Remember those secret Death Star plans R2 carried throughout the original Star WarsRogue One: A Star Wars Story is about the Rebels who stole them from the Empire during the darkest of times when the Empire was at its mightiest. The plot sets off with the Rebel Alliance rescuing  Jyn Erso, portrayed by the beautiful and talented Felicity Jones, from an Empire work prison to help contact her father, Galen Erso, played by veteran actor Mads Mikkelsen. Galen is one of the architects who designed the Death Star. The plot rockets away from this moment merrily easing to lightspeed as the movie progresses. Rogue One is directed by Gareth Edwards and was written by Chris Weitz and Tony Gilroy.

Film Score: 4.5 out of 5 (nigh perfect)

Hagood’s Review (Spoilers ahead)

Thanks to Rogue One I now (happily) have a new order to my favorite Star Wars movies: The Empire Strikes Back, Star Wars, Rogue OneThe Force AwakensReturn of the JediRevenge of the SithClones, Phantom. I found few things wrong with it and a galaxy and a half that I like about it.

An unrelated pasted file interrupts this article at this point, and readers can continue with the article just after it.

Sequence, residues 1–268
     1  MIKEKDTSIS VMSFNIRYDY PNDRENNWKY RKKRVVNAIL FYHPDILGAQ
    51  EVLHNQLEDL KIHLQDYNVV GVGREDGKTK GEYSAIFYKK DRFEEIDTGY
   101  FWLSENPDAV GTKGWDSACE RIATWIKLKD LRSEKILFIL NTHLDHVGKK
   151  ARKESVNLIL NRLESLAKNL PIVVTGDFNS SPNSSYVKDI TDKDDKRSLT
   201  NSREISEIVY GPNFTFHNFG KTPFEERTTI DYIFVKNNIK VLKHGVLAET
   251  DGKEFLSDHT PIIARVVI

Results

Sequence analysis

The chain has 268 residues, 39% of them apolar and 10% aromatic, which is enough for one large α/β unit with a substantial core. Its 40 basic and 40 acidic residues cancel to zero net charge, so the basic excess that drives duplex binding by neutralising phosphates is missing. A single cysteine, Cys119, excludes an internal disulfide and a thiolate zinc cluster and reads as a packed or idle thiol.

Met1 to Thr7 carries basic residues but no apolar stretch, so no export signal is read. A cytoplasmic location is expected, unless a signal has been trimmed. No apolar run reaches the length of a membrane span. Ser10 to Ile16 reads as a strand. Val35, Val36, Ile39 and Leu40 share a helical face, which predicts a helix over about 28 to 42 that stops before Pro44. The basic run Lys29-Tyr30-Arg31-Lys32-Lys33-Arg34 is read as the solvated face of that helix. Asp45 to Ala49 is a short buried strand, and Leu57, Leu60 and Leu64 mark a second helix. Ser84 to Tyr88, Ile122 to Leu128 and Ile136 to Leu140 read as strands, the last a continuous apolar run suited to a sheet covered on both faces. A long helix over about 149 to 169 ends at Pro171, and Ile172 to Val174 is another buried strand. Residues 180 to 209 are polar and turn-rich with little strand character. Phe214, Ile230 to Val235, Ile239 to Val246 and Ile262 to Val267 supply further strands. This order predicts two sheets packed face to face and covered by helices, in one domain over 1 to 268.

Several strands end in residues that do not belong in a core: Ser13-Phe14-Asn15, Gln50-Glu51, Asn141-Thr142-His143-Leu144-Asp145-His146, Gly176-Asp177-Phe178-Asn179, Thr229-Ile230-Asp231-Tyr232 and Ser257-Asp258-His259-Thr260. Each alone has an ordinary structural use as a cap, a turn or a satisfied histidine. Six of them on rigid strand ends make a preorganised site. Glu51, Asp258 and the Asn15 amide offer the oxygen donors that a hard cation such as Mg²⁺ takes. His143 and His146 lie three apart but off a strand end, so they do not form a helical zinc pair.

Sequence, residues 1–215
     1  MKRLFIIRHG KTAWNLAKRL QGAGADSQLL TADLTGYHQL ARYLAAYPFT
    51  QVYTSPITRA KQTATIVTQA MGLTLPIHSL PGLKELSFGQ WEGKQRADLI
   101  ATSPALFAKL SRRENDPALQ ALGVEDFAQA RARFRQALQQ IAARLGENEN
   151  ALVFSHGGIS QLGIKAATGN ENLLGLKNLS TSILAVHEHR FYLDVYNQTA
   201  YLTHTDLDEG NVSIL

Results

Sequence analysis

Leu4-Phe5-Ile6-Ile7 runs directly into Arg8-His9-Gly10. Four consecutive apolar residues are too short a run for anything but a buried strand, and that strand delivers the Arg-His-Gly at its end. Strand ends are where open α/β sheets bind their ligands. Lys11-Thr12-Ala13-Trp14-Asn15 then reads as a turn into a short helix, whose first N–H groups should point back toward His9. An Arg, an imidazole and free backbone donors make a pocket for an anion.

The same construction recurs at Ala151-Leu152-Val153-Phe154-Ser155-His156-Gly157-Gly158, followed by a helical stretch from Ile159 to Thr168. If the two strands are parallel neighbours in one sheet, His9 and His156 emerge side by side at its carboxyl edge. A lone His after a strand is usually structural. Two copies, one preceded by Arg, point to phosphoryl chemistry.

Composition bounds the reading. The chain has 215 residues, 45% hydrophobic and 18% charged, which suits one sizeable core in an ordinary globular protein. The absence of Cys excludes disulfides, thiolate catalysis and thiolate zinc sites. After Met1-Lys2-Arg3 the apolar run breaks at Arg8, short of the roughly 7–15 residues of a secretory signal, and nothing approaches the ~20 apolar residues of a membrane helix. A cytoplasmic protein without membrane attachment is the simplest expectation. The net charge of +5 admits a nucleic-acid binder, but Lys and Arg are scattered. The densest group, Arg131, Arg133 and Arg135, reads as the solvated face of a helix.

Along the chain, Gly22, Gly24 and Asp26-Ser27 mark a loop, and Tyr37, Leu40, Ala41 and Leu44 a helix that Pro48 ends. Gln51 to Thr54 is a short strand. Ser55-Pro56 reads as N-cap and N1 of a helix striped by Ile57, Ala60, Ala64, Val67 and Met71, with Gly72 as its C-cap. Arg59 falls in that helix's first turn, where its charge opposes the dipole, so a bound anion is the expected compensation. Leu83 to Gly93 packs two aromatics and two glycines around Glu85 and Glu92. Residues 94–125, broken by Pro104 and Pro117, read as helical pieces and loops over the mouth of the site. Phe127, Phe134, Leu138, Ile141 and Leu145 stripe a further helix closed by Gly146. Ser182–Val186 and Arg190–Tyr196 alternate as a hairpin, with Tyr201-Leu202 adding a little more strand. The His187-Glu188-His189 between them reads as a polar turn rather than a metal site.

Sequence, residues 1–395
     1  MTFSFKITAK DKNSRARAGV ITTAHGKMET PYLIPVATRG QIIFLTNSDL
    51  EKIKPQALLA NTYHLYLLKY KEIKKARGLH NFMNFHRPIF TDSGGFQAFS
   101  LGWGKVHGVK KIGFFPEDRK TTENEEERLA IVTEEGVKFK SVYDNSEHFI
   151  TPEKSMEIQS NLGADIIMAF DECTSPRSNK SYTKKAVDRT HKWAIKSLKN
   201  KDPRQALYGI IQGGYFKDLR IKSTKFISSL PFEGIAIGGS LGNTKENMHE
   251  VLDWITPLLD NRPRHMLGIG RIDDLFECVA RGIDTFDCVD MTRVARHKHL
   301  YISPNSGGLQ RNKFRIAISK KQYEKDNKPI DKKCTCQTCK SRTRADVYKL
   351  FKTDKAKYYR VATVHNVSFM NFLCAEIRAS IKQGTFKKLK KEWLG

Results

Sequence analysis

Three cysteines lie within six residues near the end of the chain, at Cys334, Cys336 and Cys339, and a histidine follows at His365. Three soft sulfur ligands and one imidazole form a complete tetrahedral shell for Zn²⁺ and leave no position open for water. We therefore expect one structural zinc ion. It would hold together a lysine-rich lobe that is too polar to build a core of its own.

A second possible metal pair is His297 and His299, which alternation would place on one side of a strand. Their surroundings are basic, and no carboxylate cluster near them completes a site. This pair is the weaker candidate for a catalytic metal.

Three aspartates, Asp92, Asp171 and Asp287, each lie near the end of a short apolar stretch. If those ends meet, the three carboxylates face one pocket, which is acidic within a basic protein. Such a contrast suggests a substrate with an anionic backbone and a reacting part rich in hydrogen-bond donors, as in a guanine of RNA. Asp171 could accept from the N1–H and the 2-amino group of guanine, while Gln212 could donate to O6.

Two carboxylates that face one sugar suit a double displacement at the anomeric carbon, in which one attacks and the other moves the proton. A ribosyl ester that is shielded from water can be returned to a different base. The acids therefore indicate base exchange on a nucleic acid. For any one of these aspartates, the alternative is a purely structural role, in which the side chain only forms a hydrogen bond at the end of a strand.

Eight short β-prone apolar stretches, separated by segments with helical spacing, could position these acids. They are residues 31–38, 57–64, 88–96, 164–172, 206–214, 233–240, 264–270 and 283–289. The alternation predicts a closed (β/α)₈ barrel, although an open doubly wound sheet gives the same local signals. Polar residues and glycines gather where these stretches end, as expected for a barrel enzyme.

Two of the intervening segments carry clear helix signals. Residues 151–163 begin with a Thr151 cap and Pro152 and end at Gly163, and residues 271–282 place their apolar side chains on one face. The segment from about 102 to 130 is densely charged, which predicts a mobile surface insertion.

I’ll start with my criticisms: not enough character development, especially with Chirrut Îmwe and Baze Malbus. I loved them and hurt when they died, but a few minutes more about their backstory would’ve been welcome so the audience could learn why they were kyber crystal guardians and how they came to know one another. Same goes for Cassian and his wonderful sidekick, K-2SO (Alan Tudyk). Also, more screen time for the Imperial defector, Bodhi Rook (Riz Ahmed). Why did he defect? How close was he with Galen? How did he escape his post? I realize Mr. Edwards, Mr. Weitz, and Mr. Gilroy had to efficiently tell this story and they did a fantastic job of pacing Rogue‘s plot. I’m just being greedy here and wanting another layer to this rich movie.